Egyptian Rat Screw is a fast-paced, fun card game that 2 or more players can play. This game is also called Egyptian Ratkiller, Slap, ERS, Egyptian Ratslap, and Egyptian War.
Unlike most other card games, Egyptian Rat Screw generally rewards players having the fastest reflexes, good eyes, and great coordination.
Though the exact origins of Egyptian Rat Screw are unknown, Beggar-My-Neighbour – a 19th century game in Britain, seems to be its direct ancestor.
However, the gameplay of Slapjack is believed to be the inspiration behind this game’s concept of slapping for cards on some specific combinations.
Egyptian Rat Screw is known to have existed during the mid-1970s but it was in the mid-to-late 1990s when it gained tremendous popularity (Source).
Quick Play Tutorial
How To Play
The player who wins all the cards emerges as the winner in this game. The game begins with all the cards being dealt out.
Though all players are dealt an equal number of cards, some may have one more card than others as the extras get distributed as they would in a normal deal. The players can’t look at their cards as they remain face down in front of them.
The player sitting on the dealer’s left side begins the play. He/she flips the top card of his/her card pile into the middle. In case it’s a numbered card (2-10), play continues clockwise to the next player. In case it’s an ace or a face card, the next player has to play an ace or a face card as well. Based on the card played, the next player gets several chances (like the ones mentioned below) to play an ace or a face card:
- Jacks: 1 chance to play an ace or a face card
- Queens: 2 chances to play an ace or a face card
- Kings: 3 chances to play an ace or a face card
- Aces: 4 chances to play an ace or a face card
When an ace or a face card is played, the next player has to play an ace or a face card within the allotted chances. If he/she fails, the last player who has played an ace or a face card takes the pile in the middle. The cards are then added to his/her deck’s bottom, face down, and aren’t shuffled. The player who takes the pile is always the one to start the next pile. A player who collects all cards in a deck wins the game.
Slaps are an interesting part of Egyptian Rat Screw. Before the game begins, players should agree on certain combinations of cards that would allow them to slap the pile and claim it. Some slap combinations are:
- Doubles: Two cards of equal value are played back to back
- Sandwich: A double with a card of different value between the two matching cards (like when a 5, 8, 5) is played
- Top Bottom: The middle pile’s top card matches the pile’s bottom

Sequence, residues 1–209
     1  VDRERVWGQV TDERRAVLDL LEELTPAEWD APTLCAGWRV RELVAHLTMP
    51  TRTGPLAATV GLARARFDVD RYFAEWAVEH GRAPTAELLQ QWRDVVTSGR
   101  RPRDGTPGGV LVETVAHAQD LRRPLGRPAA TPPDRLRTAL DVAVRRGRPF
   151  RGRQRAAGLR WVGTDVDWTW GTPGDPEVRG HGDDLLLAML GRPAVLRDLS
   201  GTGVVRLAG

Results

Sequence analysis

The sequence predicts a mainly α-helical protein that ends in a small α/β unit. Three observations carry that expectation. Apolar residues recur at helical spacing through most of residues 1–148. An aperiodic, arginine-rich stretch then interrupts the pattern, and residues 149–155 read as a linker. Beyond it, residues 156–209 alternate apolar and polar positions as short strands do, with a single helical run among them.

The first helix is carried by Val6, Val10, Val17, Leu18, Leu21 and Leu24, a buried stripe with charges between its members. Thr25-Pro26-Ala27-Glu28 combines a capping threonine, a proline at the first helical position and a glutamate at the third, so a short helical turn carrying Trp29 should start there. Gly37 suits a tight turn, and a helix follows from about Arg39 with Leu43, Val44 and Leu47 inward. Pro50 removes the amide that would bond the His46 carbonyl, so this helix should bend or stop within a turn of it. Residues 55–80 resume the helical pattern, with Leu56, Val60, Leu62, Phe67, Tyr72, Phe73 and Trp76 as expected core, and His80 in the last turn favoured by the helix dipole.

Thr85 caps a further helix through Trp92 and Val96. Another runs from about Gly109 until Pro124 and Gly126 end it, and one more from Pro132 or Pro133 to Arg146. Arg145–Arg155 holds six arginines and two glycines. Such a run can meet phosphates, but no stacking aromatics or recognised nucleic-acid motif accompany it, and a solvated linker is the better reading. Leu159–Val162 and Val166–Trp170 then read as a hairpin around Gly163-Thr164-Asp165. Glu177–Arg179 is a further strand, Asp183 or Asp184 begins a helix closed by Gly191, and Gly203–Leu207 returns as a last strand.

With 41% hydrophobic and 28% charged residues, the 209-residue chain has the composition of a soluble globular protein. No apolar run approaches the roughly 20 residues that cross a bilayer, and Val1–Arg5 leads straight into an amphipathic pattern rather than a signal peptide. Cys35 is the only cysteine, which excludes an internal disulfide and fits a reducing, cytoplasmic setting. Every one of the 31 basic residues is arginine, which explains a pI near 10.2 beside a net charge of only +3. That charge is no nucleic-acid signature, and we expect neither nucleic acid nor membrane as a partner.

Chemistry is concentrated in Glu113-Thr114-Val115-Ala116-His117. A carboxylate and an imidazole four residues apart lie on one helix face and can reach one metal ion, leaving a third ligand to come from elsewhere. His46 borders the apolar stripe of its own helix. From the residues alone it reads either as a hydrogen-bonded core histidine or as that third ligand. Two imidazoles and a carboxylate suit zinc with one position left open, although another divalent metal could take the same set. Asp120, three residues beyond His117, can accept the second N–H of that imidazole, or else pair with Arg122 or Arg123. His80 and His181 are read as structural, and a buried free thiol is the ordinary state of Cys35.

- Sequence of 4: 4 cards with consecutive values in descending or ascending order are played in a row (like a 5, 4, 3, 2, or 2, 3, 4, 5 is played)
- Marriage: A queen and king are played back to back (like Q, K or K, Q)
You can get a better idea of how to play this game by taking a look at this Egyptian Rat Screw Tutorial.
If you want a printable guide, check out this pdf:
The game is suitable for the 8+ age group and can be played using a standard 52-card deck. For a larger number of players, multiple standard decks can be shuffled together. Some important rules of the game are:
- If the pile is slapped mistakenly, the player doing it must put one or more cards, face up at the bottom of the pile as a penalty.
- If a card is played on top of a card combination that could have been slapped, the chance of slapping the pile is lost; the play continues as usual.
- Despite being out of cards, a player isn’t out of the game as he/she can still slap the pile to win cards.
- If a player incorrectly slaps the pile with no cards, he/she goes out of the game.
Egyptian Rat Screw Strategy
Memorization may help players to identify slapping possibilities.
For example, in a 2-player game where one player rightfully slaps a double, the other player may recognize that later on, the double will crop up as a sandwich, which can then get slapped.
A player may even slap wrongly and deliberately to “burn” a card or two leading up to a face card that he/she remembers from earlier on in the game. This becomes particularly useful if the previous player has played a high-value face card (like a jack), where there’s a single chance to play a face card.
At times, players may fake a slap on purpose. With this, they can probably persuade another player to slap incorrectly, or get an advantageous position in the deck that they remembered from the game’s preceding pile collections.
Egyptian Rat Screw Drinking Game
It’s an interesting variant of the game where a player who doesn’t get a face card has to drink as many chugs as the last card he/she threw down, while the person who threw the face card gets all the cards in the middle. As in the original version, you must end up with all the cards to win this game.
Egyptian Rat Screw App
If you like solitaire card games, you can use the app to play Egyptian Rat Screw against the computer at various difficulty levels – easy, hard, medium, or custom.
Though you can play against one or more friends locally as well, the fun lies in using the app’s Game Center to face off against either random opponents or your friends online in a multiplayer game.
Be it tracking your achievement progress via the Game Center, or improving your rank on the leaderboard by winning as many multi-online games as you can, the app lets you do all that and more.